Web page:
The final element was from an email yesterday in from Chris Snuggs.  Chris has previously written guest posts on Learning from Dogs, the last one being In Defence of Politics back on July 8th.  In that email was the following photograph.

"You touch my mate and I'll have ya."
“You touch my mate and I’ll have ya.”

Let me draw out the thread that I saw in all these items.

That is that the 1% that Rebecca Solnit wrote about are incredibly powerful people, with access to more power, money and control than one can even imagine.  But what that 1% cannot control is the growing consciousness, the growing mindfulness and awareness of millions of people across this planet that something as simple and pure and beautiful as unconditional love will conquer all.

The most fundamental lesson that we can learn from dogs!

Hachikō, a lesson in faithfulness.

Note:  This post was first published in August, 2010 and has remained a very popular read on Learning from Dogs since then.

So here is that post once again, albeit with a few minor changes.

oooOOOooo

More than a film, a message from dogs to mankind.

Richard Gere and Hachi

We recently watched a film about an Akita dog called Hachi, Hachikō in Japanese, that demonstrates the loyalty that dogs can offer their human companions.

It’s a very moving film. Expect to shed many tears.  Even more so when one reflects that the Hollywood film is based, reasonably accurately, on a true story.  The details of this story are in Wikipedia from which is quoted:

In 1924, Hidesaburō Ueno, a professor in the agriculture department at the University of Tokyo took in Hachikō as a pet. During his owner’s life Hachikō saw him out from the front door and greeted him at the end of the day at the nearby Shibuya Station. The pair continued their daily routine until May 1925, when Professor Ueno did not return on the usual train one evening. The professor had suffered from a cerebral hemorrhage at the university that day. He died and never returned to the train station where his friend was waiting. Hachikō was loyal and every day for the next nine years he waited sitting there amongst the town’s folk.

Hachikō was given away after his master’s death, but he routinely escaped, showing up again and again at his old home. Eventually, Hachikō apparently realized that Professor Ueno no longer lived at the house. So he went to look for his master at the train station where he had accompanied him so many times before. Each day, Hachikō waited for Professor Ueno to return. And each day he did not see his friend among the commuters at the station.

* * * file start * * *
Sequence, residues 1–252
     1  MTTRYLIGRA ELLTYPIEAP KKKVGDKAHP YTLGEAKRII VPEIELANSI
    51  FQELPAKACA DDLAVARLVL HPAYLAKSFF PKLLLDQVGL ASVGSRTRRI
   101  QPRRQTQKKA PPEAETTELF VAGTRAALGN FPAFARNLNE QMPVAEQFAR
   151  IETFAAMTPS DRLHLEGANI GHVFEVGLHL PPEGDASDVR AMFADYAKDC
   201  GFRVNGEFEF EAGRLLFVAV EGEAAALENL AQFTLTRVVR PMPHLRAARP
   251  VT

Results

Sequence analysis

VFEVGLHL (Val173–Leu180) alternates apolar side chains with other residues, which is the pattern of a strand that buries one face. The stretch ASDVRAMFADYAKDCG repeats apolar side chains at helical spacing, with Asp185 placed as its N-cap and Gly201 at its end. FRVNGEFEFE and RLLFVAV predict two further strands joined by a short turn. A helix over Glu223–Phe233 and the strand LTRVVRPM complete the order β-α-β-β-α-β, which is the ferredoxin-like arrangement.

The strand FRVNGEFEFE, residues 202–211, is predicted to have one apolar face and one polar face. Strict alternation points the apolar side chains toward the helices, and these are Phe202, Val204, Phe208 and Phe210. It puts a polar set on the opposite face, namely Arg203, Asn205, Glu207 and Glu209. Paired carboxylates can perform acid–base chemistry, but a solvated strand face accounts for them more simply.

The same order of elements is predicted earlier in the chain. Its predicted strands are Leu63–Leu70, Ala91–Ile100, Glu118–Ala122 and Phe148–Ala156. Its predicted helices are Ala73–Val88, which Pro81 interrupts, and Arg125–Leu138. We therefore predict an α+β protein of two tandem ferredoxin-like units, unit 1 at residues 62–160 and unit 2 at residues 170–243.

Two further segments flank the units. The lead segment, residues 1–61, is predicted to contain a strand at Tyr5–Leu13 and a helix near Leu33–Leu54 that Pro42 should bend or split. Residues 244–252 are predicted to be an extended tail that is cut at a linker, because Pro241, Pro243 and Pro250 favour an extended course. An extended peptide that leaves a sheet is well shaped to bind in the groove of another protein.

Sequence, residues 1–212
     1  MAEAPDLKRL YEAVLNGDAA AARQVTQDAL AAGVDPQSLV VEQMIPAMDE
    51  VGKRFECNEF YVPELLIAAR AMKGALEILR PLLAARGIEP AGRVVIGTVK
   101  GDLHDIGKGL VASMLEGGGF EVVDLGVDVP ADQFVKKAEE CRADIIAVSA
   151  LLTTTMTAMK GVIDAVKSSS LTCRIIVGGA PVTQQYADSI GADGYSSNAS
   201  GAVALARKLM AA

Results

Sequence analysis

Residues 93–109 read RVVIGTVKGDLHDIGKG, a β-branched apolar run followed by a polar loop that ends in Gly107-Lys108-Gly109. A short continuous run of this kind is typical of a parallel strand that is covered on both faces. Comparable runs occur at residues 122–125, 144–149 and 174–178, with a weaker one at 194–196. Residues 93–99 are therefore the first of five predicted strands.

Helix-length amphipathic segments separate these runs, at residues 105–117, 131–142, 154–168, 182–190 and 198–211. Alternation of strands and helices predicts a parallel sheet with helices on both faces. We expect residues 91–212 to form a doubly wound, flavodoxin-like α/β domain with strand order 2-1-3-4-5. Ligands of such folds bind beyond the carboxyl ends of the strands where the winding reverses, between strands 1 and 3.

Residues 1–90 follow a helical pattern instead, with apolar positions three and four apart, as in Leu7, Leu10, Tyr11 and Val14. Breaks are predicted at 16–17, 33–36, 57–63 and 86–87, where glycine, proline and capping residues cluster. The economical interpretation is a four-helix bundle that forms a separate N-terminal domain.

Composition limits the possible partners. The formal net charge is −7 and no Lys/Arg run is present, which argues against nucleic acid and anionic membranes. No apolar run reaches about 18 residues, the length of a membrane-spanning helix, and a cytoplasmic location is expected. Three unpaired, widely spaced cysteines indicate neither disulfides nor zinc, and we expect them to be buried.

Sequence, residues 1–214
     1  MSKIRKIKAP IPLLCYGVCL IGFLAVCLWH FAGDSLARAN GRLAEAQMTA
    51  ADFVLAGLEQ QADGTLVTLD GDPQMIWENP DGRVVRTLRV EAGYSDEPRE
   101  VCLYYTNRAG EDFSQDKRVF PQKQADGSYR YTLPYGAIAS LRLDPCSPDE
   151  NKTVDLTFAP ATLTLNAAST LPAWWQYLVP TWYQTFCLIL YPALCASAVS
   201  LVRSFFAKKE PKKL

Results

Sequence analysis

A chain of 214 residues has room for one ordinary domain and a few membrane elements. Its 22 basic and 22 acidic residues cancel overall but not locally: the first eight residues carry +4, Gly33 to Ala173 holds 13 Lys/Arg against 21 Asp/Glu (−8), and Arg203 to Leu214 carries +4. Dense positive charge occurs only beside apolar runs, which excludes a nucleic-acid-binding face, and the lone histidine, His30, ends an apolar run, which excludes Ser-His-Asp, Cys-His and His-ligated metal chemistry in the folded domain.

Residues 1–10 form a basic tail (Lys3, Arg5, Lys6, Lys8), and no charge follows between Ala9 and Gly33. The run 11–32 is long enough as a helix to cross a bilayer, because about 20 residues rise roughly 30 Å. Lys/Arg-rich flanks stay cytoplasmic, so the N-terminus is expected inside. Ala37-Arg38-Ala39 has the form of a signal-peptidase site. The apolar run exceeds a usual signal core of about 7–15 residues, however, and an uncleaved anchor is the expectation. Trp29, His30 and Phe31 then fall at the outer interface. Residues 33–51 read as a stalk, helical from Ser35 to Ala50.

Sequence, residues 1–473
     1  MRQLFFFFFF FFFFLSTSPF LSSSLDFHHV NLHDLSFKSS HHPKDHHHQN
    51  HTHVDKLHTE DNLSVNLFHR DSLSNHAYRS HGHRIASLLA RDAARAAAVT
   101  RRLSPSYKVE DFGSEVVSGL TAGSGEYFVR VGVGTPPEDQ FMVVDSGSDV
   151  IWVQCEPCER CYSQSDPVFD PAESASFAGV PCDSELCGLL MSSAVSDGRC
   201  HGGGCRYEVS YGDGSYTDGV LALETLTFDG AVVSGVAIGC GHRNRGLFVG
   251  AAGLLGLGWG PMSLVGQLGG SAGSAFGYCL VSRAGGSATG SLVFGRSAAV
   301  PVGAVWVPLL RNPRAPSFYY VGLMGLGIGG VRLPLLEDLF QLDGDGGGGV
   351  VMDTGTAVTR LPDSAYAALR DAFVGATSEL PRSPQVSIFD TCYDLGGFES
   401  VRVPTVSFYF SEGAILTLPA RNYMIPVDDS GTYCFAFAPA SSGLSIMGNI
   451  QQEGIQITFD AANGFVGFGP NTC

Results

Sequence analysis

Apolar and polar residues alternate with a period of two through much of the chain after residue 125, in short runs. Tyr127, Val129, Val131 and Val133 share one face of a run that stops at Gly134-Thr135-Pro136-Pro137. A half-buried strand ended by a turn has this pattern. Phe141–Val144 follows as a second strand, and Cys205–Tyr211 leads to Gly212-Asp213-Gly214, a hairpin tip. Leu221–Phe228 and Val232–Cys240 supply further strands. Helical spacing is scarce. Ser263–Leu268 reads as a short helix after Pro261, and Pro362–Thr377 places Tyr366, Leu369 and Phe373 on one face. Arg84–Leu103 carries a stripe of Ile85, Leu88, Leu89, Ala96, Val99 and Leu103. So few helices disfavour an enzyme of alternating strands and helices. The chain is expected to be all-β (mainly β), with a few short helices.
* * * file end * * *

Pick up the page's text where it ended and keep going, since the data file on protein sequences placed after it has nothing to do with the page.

The permanent fixture at the train station that was Hachikō attracted the attention of other commuters. Many of the people who frequented the Shibuya train station had seen Hachikō and Professor Ueno together each day. They brought Hachikō treats and food to nourish him during his wait.

This continued for nine years with Hachikō appearing precisely when the train was due at the station

Now watch and weep.

Back to the Wikipedia entry:

That same year, another of Ueno’s faithful students (who had become something of an expert on the Akita breed) saw the dog at the station and followed him to the Kobayashi home (the home of the former gardener of Professor Ueno — Kikuzaboro Kobayashi) where he learned the history of Hachikō’s life. Shortly after this meeting, the former student published a documented census of Akitas in Japan. His research found only 30 purebred Akitas remaining, including Hachikō from Shibuya Station.

Professor Ueno’s former student returned frequently to visit the dog and over the years published several articles about Hachikō’s remarkable loyalty. In 1932 one of these articles, published in Tokyo’s largest newspaper, threw the dog into the national spotlight. Hachikō became a national sensation. His faithfulness to his master’s memory impressed the people of Japan as a spirit of family loyalty all should strive to achieve. Teachers and parents used Hachikō’s vigil as an example for children to follow. A well-known Japanese artist rendered a sculpture of the dog, and throughout the country a new awareness of the Akita breed grew.

Eventually, Hachiko’s legendary faithfulness became a national symbol of loyalty.